PSLE minefields to avoid

PSLE minefields to avoid

I hope to share the nature and intricacies of running a national examination ("Changes to PSLE, but exam will stay: Heng"; May 5).

I have 40 years of experience marking Primary School Leaving Examination (PSLE) papers, being a lead examiner for the PSLE oral examination and supervising PSLE markers.

This has given me an insight into the minefields to avoid for a smooth, efficient and controversy-free implementation of the national examination.

The committees set up by the Ministry of Education (MOE) to select and train setters and markers for the PSLE have their work cut out.

Setters have to minimise controversies over the form, content and suitability of questions, while markers must ensure equitability, consistency and reliability.

The MOE has a responsibility to ensure those chosen are able to carry out their tasks professionally, competently and equitably.

The task force of setters should be up to par on the latest teaching and learning techniques and the principles of education, as well as the dynamics of testing, including an intimate and current knowledge of the performance of the Primary 6 cohort.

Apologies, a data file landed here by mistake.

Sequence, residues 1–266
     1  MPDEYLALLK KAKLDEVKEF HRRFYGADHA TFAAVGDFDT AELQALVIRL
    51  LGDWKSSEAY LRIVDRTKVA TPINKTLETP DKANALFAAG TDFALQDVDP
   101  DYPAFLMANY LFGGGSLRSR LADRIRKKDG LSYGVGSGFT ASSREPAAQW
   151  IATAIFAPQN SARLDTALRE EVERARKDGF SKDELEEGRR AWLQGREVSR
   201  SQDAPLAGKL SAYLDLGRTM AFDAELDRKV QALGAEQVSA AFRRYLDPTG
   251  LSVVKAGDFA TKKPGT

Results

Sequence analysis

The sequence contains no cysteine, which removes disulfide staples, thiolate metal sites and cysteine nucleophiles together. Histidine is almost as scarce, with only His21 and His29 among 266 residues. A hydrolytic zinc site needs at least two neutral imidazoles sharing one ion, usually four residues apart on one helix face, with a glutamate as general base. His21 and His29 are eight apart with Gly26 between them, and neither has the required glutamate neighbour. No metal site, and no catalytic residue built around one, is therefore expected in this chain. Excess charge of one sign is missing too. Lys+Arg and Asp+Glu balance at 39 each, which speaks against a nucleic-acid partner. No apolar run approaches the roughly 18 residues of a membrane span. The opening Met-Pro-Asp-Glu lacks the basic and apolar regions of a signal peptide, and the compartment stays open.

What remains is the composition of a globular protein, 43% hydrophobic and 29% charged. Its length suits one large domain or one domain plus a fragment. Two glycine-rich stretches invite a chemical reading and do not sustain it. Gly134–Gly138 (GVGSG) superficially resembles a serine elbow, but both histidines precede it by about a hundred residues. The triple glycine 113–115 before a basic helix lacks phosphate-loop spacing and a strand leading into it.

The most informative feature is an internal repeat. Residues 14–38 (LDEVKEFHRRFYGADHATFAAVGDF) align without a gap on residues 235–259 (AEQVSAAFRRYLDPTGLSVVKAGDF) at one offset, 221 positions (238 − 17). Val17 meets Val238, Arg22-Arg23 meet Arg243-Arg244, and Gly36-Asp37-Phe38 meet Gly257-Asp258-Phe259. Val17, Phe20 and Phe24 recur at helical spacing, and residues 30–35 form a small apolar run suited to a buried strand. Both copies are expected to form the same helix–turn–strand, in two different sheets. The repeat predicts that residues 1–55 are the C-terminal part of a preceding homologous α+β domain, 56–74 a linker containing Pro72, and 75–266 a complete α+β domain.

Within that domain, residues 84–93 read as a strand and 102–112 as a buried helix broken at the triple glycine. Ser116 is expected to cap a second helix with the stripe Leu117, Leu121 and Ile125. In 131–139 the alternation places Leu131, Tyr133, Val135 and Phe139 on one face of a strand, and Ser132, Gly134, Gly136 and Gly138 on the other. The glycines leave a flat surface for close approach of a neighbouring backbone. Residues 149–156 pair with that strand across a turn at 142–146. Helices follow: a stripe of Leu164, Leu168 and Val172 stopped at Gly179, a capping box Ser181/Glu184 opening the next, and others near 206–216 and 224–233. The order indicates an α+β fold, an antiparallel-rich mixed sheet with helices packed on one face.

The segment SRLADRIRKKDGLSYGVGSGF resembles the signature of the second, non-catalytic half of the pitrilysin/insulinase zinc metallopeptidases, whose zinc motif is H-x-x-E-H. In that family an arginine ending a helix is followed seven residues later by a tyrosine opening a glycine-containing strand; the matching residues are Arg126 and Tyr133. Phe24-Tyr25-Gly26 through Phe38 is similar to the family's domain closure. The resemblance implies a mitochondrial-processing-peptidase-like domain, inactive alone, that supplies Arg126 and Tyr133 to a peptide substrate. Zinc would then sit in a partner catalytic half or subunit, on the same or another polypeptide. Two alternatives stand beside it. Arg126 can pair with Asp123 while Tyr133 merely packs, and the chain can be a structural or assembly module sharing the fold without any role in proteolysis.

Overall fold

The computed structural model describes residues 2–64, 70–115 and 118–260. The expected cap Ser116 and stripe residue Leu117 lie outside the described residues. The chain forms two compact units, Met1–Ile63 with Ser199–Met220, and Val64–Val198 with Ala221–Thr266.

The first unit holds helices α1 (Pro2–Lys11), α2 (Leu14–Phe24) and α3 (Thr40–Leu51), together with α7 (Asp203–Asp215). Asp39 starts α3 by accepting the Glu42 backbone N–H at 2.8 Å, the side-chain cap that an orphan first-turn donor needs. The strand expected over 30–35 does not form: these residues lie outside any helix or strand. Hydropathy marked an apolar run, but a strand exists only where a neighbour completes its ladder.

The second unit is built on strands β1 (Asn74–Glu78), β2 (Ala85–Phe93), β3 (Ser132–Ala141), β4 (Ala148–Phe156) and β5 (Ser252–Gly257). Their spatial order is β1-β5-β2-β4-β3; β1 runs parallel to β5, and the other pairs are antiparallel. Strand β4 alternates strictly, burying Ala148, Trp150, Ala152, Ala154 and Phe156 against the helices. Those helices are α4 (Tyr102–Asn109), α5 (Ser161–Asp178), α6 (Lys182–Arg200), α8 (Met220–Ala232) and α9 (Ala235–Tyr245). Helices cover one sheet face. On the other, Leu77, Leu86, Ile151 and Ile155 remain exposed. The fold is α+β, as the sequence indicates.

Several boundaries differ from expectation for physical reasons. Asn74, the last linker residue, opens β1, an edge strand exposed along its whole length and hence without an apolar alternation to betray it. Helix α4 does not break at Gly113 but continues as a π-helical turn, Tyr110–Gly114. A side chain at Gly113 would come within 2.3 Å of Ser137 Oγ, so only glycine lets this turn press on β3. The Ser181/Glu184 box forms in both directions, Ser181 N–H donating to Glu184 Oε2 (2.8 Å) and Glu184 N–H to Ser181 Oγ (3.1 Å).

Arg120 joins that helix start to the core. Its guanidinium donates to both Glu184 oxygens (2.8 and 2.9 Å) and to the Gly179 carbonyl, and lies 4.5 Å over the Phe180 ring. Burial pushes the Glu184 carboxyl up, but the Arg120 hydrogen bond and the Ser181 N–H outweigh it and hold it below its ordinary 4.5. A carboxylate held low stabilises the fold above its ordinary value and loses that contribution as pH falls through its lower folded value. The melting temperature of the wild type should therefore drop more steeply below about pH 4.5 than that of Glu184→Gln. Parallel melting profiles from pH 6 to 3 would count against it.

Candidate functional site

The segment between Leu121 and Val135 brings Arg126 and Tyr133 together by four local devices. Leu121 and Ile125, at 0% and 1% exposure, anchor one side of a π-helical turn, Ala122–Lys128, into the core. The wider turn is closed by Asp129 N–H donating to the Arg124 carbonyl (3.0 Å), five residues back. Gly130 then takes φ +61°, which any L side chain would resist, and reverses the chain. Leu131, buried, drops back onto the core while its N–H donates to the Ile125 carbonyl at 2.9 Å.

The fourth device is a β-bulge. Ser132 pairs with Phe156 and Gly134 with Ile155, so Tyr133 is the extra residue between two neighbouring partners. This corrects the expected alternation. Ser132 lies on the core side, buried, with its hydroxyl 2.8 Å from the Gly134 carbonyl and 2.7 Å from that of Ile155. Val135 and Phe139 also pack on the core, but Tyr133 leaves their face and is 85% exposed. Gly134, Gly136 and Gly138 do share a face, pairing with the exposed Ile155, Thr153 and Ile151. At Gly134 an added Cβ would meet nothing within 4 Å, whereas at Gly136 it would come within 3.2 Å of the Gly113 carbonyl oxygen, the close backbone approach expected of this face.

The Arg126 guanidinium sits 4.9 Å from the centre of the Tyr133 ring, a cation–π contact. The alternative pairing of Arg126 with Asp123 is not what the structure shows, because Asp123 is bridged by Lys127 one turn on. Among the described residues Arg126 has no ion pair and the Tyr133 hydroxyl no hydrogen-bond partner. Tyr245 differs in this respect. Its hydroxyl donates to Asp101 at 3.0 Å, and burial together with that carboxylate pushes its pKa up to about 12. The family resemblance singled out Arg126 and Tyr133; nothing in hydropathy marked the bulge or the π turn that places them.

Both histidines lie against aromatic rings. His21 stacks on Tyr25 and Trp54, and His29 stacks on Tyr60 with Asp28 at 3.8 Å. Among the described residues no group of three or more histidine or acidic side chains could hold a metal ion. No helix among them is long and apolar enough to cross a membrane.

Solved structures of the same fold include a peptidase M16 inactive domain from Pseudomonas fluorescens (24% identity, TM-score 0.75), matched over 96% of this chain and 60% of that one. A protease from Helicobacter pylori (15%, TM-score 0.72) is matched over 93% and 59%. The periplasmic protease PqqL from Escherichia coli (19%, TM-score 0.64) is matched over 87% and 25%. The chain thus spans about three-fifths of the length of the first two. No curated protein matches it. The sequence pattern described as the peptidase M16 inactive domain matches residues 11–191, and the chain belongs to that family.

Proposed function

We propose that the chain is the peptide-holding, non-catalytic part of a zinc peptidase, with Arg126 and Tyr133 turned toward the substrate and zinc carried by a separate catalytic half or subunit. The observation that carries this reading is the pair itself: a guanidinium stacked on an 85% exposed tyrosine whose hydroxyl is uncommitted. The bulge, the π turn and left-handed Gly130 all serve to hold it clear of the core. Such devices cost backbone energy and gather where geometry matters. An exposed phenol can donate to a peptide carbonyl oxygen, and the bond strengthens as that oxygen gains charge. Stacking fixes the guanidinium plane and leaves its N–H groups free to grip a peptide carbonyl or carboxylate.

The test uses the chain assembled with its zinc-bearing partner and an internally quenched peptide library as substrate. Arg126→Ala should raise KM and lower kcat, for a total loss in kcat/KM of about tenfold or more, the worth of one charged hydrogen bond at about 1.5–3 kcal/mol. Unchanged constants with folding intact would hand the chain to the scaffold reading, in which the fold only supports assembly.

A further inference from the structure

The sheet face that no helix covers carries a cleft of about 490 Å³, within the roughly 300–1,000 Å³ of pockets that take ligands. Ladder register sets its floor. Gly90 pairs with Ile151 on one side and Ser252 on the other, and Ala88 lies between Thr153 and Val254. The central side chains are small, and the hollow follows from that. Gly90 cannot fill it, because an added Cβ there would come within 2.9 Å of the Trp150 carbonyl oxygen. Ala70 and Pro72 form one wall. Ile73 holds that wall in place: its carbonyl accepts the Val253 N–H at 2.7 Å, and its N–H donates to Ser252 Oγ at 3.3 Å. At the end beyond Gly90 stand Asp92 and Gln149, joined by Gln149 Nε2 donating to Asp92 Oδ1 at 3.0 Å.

They should preferably be practising teachers who have set papers for Primary 6 cohorts for many years, and whose papers have been fire-proofed through thorough post-marking item analyses.

Were yearly analyses carried out to determine if the PSLE questions were appropriate and balanced across the board for the high-flying, the average and the weak candidates?

This would tell us if the questions were balanced and appropriate for the spectrum of Primary 6 candidates.

Similarly, those setting the guidelines on marking the PSLE papers should be very experienced practising Primary 6 teachers.

I have come across marking guidelines with specimen marked scripts which, besides including spelling, grammar, punctuation or usage errors, also listed controversial mark ranges. This baffled many experienced markers and confused relatively new ones.

I have worked under inexperienced marking supervisors whose only credential was seniority in length of service.

No marker approached them for counsel or pointers on marking after they showed a lack of experience and competence.

Letter from Ho Kong Loon


This article was first published on May 26, 2014.
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